Of course, your wages will depend on precisely where you’re working. We’re going to look at our two main prospects, teaching abroad and teaching online, to see what factors will affect how much you can expect to earn as an ESL teacher.
While exact amounts will vary depending on your specific job placement, here are some general guidelines to help you get an idea for ESL salaries in various roles:
When you’re teaching English as a Second Language in a foreign country, your rate of pay will depend on where you’re teaching, your qualifications, and your experience. The good news is that, for the most part, as an ESL teacher, your pay will be good enough to live comfortably on, as salaries are typically adjusted to reflect the cost of living in the destination country.
Still, you should always compare the offer with the usual cost of living in that country to see the actual worth of your salary.
Your qualifications and experience will also affect how much you’ll be paid. The major factor here is ESL teaching experience. Experience in teaching other subjects may help you get considered above other applicants with no experience at all, but your prospective workplace will want to know just how good you are at teaching English, and pay you accordingly based on proven track record.
Other qualifications that can affect your pay include your degree and the quality of your ESL qualification. If you have a Bachelor’s degree and the industry standard 120 certificate hours, your earning potential can be higher than someone with only one or the other.
These days, English teaching online is a viable and potentially lucrative career, and you have several options available to you. Therefore, your salary depends on how you go about teaching online, such as whether you’ll work for an online teaching company or work as a freelance English tutor.
If you’re going with an online teaching company, it’s pretty similar to an in-person ESL teaching job. Some, like VIPKID, assign you groups of students to teach in a virtual classroom setting, and even provide detailed curriculums and teaching materials for you to follow in your lessons. Others, like Cambly, let you teach purely one-on-one sessions, and you can either use their library of English teaching materials, or create your own lesson plans as you go. The pay varies per platform and depending on your level of experience, but generally starts at around $10/hour.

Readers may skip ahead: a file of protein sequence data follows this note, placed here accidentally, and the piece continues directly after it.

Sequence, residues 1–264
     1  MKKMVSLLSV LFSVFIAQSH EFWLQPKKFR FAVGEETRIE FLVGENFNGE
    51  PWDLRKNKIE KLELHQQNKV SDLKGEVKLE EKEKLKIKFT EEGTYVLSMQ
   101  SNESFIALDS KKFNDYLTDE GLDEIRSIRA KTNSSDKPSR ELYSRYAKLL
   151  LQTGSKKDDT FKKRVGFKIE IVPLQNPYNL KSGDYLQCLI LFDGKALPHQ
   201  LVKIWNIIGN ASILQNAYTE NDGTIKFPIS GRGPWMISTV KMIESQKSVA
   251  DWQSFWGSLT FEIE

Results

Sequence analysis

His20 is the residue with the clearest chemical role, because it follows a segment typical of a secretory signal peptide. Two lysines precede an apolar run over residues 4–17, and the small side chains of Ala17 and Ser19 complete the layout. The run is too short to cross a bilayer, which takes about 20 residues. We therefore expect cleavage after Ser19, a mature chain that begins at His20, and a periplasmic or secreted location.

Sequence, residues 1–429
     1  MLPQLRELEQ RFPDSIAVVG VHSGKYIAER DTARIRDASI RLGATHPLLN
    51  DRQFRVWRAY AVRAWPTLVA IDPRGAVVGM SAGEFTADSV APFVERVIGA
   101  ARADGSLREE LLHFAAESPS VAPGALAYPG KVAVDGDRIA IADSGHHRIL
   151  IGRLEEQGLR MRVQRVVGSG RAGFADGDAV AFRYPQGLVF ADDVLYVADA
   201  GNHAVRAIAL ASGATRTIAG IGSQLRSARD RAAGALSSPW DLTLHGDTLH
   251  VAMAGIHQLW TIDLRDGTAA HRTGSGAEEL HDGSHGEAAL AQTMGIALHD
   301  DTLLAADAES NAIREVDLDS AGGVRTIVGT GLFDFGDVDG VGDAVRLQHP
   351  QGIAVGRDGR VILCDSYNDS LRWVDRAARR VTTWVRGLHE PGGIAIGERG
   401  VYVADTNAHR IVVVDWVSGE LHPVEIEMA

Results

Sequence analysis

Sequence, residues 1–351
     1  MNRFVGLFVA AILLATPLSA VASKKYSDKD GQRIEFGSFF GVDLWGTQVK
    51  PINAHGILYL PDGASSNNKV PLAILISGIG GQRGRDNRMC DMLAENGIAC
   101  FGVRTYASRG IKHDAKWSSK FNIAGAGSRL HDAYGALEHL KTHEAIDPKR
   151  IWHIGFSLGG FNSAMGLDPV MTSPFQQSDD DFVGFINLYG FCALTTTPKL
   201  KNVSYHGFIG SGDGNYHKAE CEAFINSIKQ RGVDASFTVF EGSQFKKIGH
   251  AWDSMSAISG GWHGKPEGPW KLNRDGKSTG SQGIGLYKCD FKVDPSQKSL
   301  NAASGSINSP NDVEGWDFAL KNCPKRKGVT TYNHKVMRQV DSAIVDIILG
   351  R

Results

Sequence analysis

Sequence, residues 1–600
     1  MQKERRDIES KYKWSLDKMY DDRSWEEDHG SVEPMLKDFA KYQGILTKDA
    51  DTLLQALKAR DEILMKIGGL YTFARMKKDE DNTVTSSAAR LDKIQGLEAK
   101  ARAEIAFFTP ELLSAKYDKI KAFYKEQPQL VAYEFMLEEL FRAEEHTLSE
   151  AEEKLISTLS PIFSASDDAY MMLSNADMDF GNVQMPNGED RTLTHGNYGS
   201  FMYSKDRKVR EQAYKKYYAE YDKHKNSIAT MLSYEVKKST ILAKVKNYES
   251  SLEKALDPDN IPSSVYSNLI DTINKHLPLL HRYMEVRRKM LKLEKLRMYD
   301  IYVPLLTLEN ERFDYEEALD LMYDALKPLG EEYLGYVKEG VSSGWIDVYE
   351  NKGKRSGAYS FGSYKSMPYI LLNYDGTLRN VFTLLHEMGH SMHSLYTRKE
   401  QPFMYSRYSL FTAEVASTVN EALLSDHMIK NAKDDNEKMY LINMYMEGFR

However, going freelance may also be an attractive prospect. Not only will you be able to charge your own rates (typically from around $25/hour) and set your own hours, but you’ll also have a better capacity to tailor your lessons to your students. Plus, the startup costs are fairly low.
Consider which avenue is better suited to your preferences before you decide to start teaching English as Second Language online. Working as a freelancer means you can potentially earn a higher hourly rate, but it may also be more difficult to find students, meaning you could end up working fewer hours per day and earning less overall.Above all, don’t forget to consider your living expenses. If you’re going full-time, your total teaching rate will have to be enough to cover all your living needs. You might not instantly get enough students to achieve that rate when you’re just starting out, but it’s important to set a target so that you can better plan your hours and budget your expenses.
Check our comparison table of requirements and salaries of online teaching companies
For many, it’s at school, where English lessons are a mandatory part of the education system. Others take up English in higher education, or to advance their career. In some cases, people take up learning English in order to pass exams like the IELTS to move to an English-speaking country. Or, others have had to move to an English-speaking country in times of political strife, and need to learn the language in order to get by.
More simply put, there are a litany of reasons to become an ESL teacher, and a smörgasbord of kinds of students who need help learning the language.
The classic picture of an ESL teacher may be the young graduate who goes abroad to teach children in another country, but that’s far from the only option available. There is a wide range of jobs and other opportunities available to ESL teachers, and we’ll explore these options below.